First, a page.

Category: Industrial / Rock
Album: Primitive Race
Blurb: A solid self-titled full-length debut that showcases the best of what modern industrial/rock has to offer, even if the results make for a less-than-cohesive whole.
Having built up a sizeable reputation as a well respected and capable manager, Chris Kniker took advantage of his numerous clients and contacts to bring his own creative vision to life – taking on the mantle of an industrial collective, a supergroup as is often labeled, known as Primitive Race. With the likes of Erie Loch of Exageist/Blownload and renowned guitarist/producer Mark Gemini Thwaite as active participants, Primitive Race first made waves with the Long in the Tooth EP earlier this year, a joint effort with the Lord of Lard, Raymond Watts – a.k.a. PIG – to demonstrate a varied and experimental approach to music that relied less on formula and more on the exaltation of collaboration. Following up on so bombastic and powerful an EP might have proven to be a tall order, but the Primitive Race self-titled album takes on the task with an even more assorted group of guest musicians.
To judge Primitive Race as a cohesive whole might prove difficult given that each musical cohort brings a certain flavor; each song distinguishes itself from the other, with only the overall sense of rhythmic groove and attitude tying everything together. For instance, the slow yet strident pace of “Follow the Leader” as Graham Crabb of Pop Will Eat Itself despondently and unemotionally speaks about conformity to make for a poignant and ironic statement on the abundance of sound-alike acts in virtually any music scene differs from the danceable yet atmospherically harrowing “Addict Now,” on which Stayte/Simple Shelter/RevCo vocalist Josh Bradford howls with his signature abandon. Similarly, Thwaite’s strutting slide guitars along with Crabb’s disaffected sense of cool gives “Cage Rattler” a decidedly blues influenced twinge that contrasts remarkably from the pulsating techno of “Seeing Right Through It All,” Prong’s Tommy Victor giving the track a rather slithery yet guttural quality, just as he does on the scathing guitar-driven march of “Acceptance of Reality” or the stomping noisy industrial/rock of “Taking Things Back.” Kourtney Klein undoubtedly lends her send of smarmy melody and bouncy percussiveness to “DJFH,” while the resonant psychedelic guitar effects and spooky cadences of “Give Up the Ghost” serve as a perfect bedrock for Andi Sex Gang’s seething gothic abandon. The cold ambience of slow, distant beats, shimmering guitar sustain, and Bradford’s emotive voice on “Below Zero” ends the album on a grim and mournful note that serves as an effective capper after the album’s unbridled energy.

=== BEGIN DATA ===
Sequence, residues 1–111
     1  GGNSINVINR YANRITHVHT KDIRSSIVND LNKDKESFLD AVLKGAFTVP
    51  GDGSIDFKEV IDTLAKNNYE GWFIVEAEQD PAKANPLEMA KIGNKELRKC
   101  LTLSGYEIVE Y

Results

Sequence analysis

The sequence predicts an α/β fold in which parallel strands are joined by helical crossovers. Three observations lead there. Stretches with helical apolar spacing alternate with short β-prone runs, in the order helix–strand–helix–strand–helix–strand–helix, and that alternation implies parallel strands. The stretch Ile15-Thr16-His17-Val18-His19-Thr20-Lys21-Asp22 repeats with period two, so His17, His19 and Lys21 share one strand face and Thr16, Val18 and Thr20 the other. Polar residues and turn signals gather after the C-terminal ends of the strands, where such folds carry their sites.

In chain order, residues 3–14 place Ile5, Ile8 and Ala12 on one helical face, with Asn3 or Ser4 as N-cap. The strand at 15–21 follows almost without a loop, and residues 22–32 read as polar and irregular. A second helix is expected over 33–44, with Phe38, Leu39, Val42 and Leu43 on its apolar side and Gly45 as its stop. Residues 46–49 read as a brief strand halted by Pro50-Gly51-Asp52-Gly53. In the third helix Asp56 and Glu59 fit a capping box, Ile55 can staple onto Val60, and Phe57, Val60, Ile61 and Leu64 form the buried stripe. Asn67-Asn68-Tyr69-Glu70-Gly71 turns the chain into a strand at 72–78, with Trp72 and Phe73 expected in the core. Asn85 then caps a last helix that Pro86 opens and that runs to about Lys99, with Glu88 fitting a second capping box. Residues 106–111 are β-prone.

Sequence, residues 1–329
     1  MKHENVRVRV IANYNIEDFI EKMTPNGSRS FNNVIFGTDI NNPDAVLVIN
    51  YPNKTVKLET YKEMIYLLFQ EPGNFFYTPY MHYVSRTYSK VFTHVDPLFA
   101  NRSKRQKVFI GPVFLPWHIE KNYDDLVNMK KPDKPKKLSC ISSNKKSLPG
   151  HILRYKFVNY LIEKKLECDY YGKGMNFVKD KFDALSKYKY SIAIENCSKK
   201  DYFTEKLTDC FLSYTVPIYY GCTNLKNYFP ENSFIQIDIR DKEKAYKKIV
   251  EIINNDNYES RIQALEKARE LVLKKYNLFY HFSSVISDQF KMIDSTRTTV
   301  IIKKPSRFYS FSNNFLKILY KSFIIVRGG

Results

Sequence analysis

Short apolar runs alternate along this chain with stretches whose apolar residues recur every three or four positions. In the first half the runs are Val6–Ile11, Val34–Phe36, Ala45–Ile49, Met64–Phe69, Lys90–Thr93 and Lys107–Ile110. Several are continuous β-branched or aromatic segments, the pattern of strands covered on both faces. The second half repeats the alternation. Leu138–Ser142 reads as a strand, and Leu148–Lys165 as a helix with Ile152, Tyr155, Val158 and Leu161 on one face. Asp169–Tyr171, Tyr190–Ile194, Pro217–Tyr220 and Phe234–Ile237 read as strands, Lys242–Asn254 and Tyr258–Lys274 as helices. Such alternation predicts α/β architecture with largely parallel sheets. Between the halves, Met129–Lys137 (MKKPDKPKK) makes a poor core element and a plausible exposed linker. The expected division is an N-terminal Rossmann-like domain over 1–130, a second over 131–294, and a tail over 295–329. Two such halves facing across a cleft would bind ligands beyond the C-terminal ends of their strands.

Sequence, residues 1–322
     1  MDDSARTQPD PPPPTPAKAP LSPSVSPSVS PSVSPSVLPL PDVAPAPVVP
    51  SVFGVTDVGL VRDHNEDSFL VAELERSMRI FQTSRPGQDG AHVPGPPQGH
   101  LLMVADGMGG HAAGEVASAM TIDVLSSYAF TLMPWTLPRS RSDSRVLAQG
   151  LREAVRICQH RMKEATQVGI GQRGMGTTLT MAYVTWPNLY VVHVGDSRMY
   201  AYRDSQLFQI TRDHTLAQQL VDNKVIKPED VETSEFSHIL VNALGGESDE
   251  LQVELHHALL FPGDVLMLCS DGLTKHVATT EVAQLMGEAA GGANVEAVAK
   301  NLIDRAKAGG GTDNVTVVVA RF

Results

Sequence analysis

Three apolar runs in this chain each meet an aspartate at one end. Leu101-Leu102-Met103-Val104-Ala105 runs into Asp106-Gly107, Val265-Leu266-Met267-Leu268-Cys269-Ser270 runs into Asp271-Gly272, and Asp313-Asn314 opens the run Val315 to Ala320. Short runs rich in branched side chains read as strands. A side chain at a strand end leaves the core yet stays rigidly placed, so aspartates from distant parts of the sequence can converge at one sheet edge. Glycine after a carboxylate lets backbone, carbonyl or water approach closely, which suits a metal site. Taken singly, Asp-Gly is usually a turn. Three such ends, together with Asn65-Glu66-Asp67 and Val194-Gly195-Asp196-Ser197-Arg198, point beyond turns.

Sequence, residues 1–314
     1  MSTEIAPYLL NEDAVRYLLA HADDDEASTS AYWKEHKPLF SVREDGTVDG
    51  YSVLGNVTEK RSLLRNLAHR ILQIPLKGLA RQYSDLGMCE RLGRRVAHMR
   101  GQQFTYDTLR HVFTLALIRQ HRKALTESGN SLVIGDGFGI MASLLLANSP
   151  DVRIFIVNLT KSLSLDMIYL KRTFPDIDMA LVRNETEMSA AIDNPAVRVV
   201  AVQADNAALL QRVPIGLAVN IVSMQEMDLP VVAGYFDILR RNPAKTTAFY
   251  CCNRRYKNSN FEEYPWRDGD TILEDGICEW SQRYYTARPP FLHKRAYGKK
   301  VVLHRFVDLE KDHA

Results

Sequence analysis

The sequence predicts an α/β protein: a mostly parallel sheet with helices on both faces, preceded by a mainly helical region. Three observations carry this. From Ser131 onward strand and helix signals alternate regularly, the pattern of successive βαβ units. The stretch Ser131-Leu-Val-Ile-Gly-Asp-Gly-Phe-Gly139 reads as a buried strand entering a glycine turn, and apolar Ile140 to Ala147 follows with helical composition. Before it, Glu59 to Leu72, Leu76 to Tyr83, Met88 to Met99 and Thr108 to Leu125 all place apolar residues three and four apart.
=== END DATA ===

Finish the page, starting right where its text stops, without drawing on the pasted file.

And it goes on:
While the Long in the Tooth EP benefitted from PIG’s signature style providing a continuous thread throughout, this self-titled album is a somewhat more schizophrenic outing. The core production lineup of Loch, Thwaite, and Kniker do well to infuse each song with their own instrumental prowess, keeping a relatively consistent flow from track to track, but the overall infusion of disparate voices and their respective styles gives Primitive Race the feel of a mix compilation rather than a singular album. Of course, this was perhaps inevitable and is by no means a detriment to the album’s appeal as it presents an overarching portrait of modern alternative and industrial/rock that compels one to explore the individual songs on their own merits and discover with each listen traces of each musician’s imprints. For this alone, the Primitive Race debut album is a fine display of the communal and experimental spirit of the industrial/rock scene taken to a powerful conclusion.
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Storming the Base CD
Ilker Yücel (Ilker81x)